Gender equality is a fundamental human right, and a necessary requirement for the development of any society. Women and girls constitute half of the world’s population; however, the issue of gender inequality continues to persist everywhere in the world.
Despite several efforts to promote the rights of the female gender, women and girls around the world do not yet fully enjoy equal rights as their male counterparts. In public life, women have become increasingly engaged in voting, joining political parties, and contesting primary and main elections. However, women rarely win elections, which has resulted in only a small number of women holding elective positions around the world. This is as a result of persisting structural constraints and barriers that reinforce discriminatory norms, practices and policies.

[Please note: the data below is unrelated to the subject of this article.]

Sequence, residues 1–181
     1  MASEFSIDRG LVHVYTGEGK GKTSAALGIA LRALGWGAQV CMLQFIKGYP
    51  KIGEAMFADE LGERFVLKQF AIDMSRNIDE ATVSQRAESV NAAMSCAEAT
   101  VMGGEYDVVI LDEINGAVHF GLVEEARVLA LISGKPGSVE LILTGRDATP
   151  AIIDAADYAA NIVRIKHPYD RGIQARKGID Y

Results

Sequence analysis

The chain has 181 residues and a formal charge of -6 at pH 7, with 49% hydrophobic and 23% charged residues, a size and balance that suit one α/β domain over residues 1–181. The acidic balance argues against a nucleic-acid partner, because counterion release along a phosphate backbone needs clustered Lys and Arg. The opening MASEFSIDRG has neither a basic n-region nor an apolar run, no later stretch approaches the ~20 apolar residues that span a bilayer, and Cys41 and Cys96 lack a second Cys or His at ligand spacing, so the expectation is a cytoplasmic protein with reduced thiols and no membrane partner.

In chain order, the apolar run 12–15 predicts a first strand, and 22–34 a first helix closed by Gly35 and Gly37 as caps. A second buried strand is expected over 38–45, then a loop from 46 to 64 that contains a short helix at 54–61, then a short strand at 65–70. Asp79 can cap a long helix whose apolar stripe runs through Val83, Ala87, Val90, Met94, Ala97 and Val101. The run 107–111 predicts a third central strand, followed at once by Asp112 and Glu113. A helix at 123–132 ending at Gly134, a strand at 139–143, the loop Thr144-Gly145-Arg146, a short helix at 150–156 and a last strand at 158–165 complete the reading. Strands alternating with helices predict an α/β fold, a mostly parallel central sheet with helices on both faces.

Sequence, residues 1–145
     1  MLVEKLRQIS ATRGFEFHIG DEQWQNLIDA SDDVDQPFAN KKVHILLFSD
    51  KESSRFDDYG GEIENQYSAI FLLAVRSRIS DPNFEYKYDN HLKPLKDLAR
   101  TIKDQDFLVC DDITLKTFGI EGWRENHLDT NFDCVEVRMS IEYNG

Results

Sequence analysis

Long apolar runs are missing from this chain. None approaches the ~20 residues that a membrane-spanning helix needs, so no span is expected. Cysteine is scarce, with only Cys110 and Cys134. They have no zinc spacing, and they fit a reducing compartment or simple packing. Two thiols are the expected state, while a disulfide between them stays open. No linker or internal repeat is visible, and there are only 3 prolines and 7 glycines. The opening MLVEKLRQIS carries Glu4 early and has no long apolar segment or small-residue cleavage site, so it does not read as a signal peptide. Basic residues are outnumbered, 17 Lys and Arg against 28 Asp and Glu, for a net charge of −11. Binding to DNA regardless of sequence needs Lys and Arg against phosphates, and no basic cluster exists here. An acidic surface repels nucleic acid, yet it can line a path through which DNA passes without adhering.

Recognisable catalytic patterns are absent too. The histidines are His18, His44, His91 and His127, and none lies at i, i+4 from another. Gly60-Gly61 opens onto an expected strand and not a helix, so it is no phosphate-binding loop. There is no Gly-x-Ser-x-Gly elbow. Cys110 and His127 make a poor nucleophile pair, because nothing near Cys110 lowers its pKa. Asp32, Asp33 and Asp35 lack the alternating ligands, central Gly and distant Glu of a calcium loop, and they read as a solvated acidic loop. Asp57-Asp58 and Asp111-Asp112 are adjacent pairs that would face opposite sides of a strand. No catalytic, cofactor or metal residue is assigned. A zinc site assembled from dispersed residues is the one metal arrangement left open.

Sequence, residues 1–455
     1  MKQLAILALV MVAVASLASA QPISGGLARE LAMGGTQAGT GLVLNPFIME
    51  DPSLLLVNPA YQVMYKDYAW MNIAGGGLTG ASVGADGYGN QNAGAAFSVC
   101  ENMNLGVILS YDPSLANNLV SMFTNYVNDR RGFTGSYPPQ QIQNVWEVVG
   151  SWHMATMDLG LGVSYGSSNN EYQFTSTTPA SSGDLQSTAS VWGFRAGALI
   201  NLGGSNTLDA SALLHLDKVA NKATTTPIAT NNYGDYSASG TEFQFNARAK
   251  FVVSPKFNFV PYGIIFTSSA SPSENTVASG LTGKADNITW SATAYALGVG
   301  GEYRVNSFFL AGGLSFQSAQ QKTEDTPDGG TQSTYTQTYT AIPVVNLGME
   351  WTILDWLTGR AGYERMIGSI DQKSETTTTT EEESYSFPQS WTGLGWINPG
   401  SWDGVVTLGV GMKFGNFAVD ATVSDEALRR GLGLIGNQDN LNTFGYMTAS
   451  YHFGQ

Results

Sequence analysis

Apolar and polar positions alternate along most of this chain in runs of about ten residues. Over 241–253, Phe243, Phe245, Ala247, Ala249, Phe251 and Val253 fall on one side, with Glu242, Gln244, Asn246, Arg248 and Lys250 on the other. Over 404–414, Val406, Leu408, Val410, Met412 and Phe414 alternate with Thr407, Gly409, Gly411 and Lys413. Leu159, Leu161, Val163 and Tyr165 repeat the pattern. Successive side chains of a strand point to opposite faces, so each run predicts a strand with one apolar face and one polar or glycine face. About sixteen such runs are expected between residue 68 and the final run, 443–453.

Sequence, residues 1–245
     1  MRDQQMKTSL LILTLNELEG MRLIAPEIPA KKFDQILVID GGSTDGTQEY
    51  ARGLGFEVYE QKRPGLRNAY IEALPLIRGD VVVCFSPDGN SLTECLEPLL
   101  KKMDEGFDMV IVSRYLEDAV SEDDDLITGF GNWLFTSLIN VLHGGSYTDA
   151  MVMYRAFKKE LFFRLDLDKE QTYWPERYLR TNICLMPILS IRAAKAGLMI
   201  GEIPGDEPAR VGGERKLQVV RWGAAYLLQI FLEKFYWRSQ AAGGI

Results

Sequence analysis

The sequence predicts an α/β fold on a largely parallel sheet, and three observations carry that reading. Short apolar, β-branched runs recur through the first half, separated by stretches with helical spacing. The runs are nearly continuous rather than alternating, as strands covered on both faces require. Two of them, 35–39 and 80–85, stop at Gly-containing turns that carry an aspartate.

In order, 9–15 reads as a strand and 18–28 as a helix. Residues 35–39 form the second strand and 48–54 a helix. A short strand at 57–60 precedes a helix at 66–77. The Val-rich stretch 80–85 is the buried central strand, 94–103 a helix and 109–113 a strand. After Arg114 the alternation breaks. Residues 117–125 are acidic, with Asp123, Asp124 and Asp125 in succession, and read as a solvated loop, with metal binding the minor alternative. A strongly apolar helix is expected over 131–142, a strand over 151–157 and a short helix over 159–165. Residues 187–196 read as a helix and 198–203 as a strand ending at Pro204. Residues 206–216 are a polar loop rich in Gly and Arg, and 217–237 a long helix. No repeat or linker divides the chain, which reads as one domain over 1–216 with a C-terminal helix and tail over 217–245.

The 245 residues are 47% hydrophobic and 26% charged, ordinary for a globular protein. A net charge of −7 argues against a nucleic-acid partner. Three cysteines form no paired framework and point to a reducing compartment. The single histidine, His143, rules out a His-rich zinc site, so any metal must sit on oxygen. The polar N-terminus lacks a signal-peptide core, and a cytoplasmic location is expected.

According to a report by UN Women, globally, women constitute only 24.3% of all national parliamentarians, which is a slow increase from 11.3% in 1995 with only four countries having 50 per cent or more women in parliament. The low representation of women in the political sphere led to the adoption of gender special measures (GSMs) also known as quota systems to increase women representation in politics. Studies show that gender equality in politics increases women’s engagement and participation and leads to a gender balance at all levels of government.